Beowulf Unicorn Theatre
Reviewer's Rating

At the end of this tale, I’ll go to fight a dragon. And I will be no more. So starts “Beowulf”, the new production at the Unicorn Theatre. A contemporary adaption of the oldest surviving epic poem in Old English by anonymous Anglo-saxon poet, most likely from the Kingdom of Northumbia, the show is all about the text and the power of words, with minimalist mise-en-scène and music. The play is indeed very descriptive of the horror of massacres and wars, and while its anti-war message about cruelty and fear, violence and despair, is clear, it is difficult to find beauty in this tale.

Set in Scandinavia, “Beowulf” tells the adventure of the war hero of the Geats, who has come to assist Hrothgar, the King of the Danes whose feasting hall in Heorot has been under the attack of monster Grendel. After Beowulf has murdered him, Grendel’s mother attacks the hall to be in turn defeated. Victorious, Beowulf returns home to Geatland and later becomes King of the Geats. While defeating a dragon, however, Beowulf is wounded and dies.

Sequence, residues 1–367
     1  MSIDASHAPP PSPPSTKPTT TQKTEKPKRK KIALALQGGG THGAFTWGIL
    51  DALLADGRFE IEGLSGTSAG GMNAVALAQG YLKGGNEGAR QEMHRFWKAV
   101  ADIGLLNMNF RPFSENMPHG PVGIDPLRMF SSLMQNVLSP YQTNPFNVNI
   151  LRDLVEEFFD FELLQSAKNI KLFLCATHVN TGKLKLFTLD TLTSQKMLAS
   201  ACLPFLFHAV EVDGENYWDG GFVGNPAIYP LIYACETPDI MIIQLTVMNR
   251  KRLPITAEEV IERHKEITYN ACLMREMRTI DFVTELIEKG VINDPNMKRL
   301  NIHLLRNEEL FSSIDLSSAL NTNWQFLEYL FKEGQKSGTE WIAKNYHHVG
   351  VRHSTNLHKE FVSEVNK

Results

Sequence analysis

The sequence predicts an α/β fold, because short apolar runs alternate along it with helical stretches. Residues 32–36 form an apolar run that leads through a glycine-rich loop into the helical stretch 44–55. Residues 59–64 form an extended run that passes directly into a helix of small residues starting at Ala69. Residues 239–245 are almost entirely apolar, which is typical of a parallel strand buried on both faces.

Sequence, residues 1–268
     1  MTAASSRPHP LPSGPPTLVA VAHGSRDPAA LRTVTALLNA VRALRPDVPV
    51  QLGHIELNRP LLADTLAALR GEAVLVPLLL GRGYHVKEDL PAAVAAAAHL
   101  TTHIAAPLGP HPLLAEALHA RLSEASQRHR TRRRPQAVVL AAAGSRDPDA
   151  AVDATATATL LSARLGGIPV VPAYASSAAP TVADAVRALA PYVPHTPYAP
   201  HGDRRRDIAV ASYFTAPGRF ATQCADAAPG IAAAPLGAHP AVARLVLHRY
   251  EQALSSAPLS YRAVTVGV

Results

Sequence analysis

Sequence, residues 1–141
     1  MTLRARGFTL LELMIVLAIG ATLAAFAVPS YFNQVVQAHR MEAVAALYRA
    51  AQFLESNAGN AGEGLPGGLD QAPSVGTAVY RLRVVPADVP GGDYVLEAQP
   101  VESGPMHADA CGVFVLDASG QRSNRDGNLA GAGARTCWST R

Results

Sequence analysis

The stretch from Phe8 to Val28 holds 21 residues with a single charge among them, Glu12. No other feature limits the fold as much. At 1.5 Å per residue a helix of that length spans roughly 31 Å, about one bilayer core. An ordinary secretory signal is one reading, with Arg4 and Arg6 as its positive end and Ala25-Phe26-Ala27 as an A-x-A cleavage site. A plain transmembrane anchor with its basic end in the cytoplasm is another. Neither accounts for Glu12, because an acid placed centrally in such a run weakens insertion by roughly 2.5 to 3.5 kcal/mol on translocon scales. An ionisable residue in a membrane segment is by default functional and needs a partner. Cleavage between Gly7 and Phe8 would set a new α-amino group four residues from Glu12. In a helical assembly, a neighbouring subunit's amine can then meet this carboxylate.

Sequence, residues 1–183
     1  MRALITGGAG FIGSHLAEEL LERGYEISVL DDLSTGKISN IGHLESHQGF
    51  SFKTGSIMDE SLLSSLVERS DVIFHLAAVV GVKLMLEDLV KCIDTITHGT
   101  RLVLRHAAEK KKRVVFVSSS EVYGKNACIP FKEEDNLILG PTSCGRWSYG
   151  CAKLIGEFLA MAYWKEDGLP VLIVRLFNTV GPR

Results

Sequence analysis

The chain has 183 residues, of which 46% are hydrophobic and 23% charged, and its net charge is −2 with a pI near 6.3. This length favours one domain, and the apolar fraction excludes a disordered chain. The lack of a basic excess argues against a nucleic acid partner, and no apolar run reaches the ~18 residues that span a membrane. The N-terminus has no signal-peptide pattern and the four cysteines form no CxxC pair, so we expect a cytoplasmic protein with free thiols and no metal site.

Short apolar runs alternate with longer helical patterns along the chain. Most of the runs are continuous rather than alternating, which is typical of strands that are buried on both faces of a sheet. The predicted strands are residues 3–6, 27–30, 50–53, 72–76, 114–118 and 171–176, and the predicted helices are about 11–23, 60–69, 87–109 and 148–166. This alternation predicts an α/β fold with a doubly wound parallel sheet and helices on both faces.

While Debbie Korley’s monologue in the title role is simply a tour-de-force performance of story-telling, it is however regretful that other actors are not involved in the show, but seem to be replaced by light and sound effects. As such, despite the atmospheric fumes and explosive flames, the scenography feels lonely and static. Contrary to the breathtaking costumes, together gothic and heavy-metallic by Samal Blak, the decor has been kept to a bare minimum with a metal structure accommodating a DJ set surrounded by towers of amplifiers. These burst out techno music and guitar rock solos, echoing the emotions and tension of the text.

While the play poignantly intends to question the possibility of another, more harmonious world, its form seems to enact a poetry of horror and death, hardly suited to a young audience.